It sounds serious: According to a 2011 response plan, Pennsylvania is already at "Threat Level 1," the maximum danger for the deadly, contagious animal illness called chronic wasting disease.
With deer season just a week away, hunters outside Adams and York counties - the disease's ground zero in Pennsylvania - shouldn't expect changes yet, state Game Commission officials said. But if the illness spreads, sweeping changes to hunting rules could be implemented in seasons to come.
"There's been a lot of concern," Game Commission regional Law Enforcement Supervisor Richard Danley said last week.
Since two captive deer died from Chronic Wasting Disease at an Adams County farm, the disease, which doesn't appear to affect humans, has seemingly remained manageable: State officials quarantined farms that had hosted deer with even remote connections to the Adams County case, the first ever in Pennsylvania.
But amid news that two connected deer had escaped into the wild, including one near Alexandria, Huntingdon County, some experts have said it's only a matter of time before the little-understood brain disease takes hold outside the quarantine.
"We knew that it would eventually work it's way here ... that it would walk across the border," Danley said.
The animal disease, which causes lesions, emaciation and bizarre behavior ending in certain death, first approached Pennsylvania in fall 2010, when a hunter in Allegany County, Maryland, killed an infected deer, Maryland Department of Natural Resources Deer Project Manager Brian Eyler said.
Allegany County lies across the border from Bedford County.
"The writing's on the wall," Eyler said.
The upstate Maryland infection so far hasn't been detected in any other deer there, he said, noting that the diseased animal may have wandered from West Virginia's widely affected Eastern Panhandle.
"They're slowly documenting the spread in West Virginia," Eyler said - since the first case there in 2005, Chronic Wasting Disease has spread from county to county and ultimately to wild deer across the Virginia border.
In Pennsylvania, state wildlife officials have moved swiftly to stamp out the threat. Hunters in a wide swath of York and Adams counties next week will be ordered to check all kills with testing stations, with citations for those caught ignoring the rule.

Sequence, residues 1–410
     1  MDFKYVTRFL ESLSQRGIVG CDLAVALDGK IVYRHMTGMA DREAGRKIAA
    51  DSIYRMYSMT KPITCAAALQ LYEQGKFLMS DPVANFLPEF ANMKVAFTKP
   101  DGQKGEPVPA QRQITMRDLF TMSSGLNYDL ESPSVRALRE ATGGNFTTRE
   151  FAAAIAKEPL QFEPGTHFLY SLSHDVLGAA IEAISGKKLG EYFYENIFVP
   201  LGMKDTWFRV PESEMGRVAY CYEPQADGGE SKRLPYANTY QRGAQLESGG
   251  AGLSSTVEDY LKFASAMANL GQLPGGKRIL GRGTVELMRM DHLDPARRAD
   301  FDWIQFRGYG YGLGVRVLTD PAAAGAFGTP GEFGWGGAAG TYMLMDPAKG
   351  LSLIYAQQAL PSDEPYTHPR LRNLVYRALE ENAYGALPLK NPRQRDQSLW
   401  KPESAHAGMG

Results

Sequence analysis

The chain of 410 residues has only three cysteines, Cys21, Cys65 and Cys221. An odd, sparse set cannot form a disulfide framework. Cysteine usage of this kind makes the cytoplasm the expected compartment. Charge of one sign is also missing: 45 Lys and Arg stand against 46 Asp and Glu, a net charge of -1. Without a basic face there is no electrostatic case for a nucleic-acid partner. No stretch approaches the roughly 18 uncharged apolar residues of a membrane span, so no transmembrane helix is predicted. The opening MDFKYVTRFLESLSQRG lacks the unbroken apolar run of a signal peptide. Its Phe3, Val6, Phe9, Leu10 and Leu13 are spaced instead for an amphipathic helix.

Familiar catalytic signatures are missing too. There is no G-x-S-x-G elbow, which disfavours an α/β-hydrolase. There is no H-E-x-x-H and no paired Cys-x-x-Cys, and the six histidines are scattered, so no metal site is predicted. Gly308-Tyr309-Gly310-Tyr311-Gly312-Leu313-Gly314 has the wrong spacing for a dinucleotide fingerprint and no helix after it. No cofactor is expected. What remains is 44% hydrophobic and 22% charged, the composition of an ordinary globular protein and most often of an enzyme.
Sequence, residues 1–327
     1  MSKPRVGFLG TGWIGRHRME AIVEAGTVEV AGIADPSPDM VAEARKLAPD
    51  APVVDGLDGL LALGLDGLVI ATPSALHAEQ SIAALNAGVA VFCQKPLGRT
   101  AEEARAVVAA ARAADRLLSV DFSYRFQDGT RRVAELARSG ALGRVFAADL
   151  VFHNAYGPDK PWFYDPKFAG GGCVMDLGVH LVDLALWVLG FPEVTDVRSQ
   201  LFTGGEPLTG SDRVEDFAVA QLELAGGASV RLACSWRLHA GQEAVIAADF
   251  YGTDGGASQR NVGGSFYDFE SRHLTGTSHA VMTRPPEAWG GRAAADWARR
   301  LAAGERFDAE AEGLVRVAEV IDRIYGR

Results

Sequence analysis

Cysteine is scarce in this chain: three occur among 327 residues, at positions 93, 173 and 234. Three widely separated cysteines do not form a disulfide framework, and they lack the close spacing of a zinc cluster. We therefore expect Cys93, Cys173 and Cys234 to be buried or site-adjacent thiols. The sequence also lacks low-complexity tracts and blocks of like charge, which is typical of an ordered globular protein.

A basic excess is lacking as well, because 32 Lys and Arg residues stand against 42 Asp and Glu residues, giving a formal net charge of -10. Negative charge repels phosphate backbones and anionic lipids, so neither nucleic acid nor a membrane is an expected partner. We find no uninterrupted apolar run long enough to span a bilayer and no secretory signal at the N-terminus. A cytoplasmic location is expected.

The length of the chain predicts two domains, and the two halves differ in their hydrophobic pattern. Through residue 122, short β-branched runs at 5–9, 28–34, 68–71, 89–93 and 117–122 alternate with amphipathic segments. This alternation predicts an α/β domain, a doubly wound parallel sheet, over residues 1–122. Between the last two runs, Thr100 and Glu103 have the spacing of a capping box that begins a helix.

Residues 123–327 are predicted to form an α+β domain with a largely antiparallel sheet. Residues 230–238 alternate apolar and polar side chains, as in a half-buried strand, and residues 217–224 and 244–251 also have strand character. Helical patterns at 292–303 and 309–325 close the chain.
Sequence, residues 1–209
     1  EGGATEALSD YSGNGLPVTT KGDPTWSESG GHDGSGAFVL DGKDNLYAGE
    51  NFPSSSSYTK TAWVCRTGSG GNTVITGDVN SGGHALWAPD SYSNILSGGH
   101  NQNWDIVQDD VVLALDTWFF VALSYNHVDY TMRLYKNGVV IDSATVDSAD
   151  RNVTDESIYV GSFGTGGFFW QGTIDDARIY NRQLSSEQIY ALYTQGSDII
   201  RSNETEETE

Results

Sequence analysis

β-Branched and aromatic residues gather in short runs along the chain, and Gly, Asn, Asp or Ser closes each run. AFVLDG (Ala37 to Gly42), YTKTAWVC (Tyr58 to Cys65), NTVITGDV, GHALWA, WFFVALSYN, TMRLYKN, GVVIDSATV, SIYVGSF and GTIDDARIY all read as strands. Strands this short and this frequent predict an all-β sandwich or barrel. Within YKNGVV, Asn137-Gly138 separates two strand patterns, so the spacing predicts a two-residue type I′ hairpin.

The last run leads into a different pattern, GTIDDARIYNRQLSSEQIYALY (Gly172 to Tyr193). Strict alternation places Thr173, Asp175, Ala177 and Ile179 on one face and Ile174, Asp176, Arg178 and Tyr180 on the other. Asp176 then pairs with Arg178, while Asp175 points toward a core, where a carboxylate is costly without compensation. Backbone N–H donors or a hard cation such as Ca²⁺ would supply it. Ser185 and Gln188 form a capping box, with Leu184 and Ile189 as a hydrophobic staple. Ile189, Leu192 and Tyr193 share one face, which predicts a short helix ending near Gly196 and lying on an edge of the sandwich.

State officials will also step up testing of deer heads from butcher shops along the Maryland border, including in Somerset and Bedford counties, Danley said. Hunters outside the York-Adams zone won't be subject to forced tests or additional restrictions, he said.
Meanwhile, Game Commission officers are keeping an eye out for the escaped Alexandria deer, for whose corpse private citizens have already issued rewards.
"Searching for a single deer is like a needle in a haystack," Danley said. "The best-case scenario is that it was struck on the road and picked up by PennDOT."
According to the state's Chronic Wasting Disease response plan issued in summer 2011, rules changes could ultimately be implemented to keep the deer population - and with it, the likelihood of transmission - down.
The plan lists "removal of protection for deer and elk" and "altering existing hunting seasons" as possible policy changes, followed by renewed limits once the population is cut sufficiently.
Facing an outbreak more than 10 years ago, Wisconsin attempted similar methods to keep population density down. They didn't work, Eyler said.
A recent map by the National Wildlife Health Center shows more than a dozen affected counties there.
Many experts, including government officials, game officers and deer farmers, express an obvious sense of fatalism when discussing the disease's arrival in Pennsylvania. Once it starts, they say, it's difficult to stop.
"It's not a matter of 'if,'" Eyler said last week. "It's a matter of 'when.'"
Mirror Staff Writer Ryan Brown is at 946-7457.